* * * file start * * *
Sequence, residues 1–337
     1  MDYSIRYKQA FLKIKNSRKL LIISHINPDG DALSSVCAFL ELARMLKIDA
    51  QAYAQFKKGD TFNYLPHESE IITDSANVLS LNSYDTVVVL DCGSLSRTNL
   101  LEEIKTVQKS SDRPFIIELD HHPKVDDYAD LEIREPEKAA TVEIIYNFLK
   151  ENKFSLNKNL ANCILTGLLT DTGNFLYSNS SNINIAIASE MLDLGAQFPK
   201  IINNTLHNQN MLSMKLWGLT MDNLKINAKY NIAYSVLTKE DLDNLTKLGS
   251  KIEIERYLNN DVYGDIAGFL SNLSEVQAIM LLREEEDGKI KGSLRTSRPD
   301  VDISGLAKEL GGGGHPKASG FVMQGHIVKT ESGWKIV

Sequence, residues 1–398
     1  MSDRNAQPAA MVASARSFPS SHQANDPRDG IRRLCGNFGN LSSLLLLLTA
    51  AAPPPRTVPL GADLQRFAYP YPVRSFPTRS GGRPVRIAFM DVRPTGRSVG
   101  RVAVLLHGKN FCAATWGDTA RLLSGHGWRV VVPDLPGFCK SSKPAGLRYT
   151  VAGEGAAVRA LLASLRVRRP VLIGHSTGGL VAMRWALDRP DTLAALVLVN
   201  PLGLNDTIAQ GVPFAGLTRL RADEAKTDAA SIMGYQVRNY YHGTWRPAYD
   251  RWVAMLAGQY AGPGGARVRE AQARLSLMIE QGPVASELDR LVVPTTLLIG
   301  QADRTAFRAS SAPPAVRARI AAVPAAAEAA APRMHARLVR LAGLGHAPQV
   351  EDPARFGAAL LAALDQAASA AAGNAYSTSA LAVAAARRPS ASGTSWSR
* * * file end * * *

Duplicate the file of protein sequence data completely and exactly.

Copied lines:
Sequence, residues 1–337
     1  MDYSIRYKQA FLKIKNSRKL LIISHINPDG DALSSVCAFL ELARMLKIDA
    51  QAYAQFKKGD TFNYLPHESE IITDSANVLS LNSYDTVVVL DCGSLSRTNL
   101  LEEIKTVQKS SDRPFIIELD HHPKVDDYAD LEIREPEKAA TVEIIYNFLK
   151  ENKFSLNKNL ANCILTGLLT DTGNFLYSNS SNINIAIASE MLDLGAQFPK
   201  IINNTLHNQN MLSMKLWGLT MDNLKINAKY NIAYSVLTKE DLDNLTKLGS
   251  KIEIERYLNN DVYGDIAGFL SNLSEVQAIM LLREEEDGKI KGSLRTSRPD
   301  VDISGLAKEL GGGGHPKASG FVMQGHIVKT ESGWKIV

Sequence, residues 1–398
     1  MSDRNAQPAA MVASARSFPS SHQANDPRDG IRRLCGNFGN LSSLLLLLTA
    51  AAPPPRTVPL GADLQRFAYP YPVRSFPTRS GGRPVRIAFM DVRPTGRSVG
   101  RVAVLLHGKN FCAATWGDTA RLLSGHGWRV VVPDLPGFCK SSKPAGLRYT
   151  VAGEGAAVRA LLASLRVRRP VLIGHSTGGL VAMRWALDRP DTLAALVLVN
   201  PLGLNDTIAQ GVPFAGLTRL RADEAKTDAA SIMGYQVRNY YHGTWRPAYD
   251  RWVAMLAGQY AGPGGARVRE AQARLSLMIE QGPVASELDR LVVPTTLLIG
   301  QADRTAFRAS SAPPAVRARI AAVPAAAEAA APRMHARLVR LAGLGHAPQV
   351  EDPARFGAAL LAALDQAASA AAGNAYSTSA LAVAAARRPS ASGTSWSR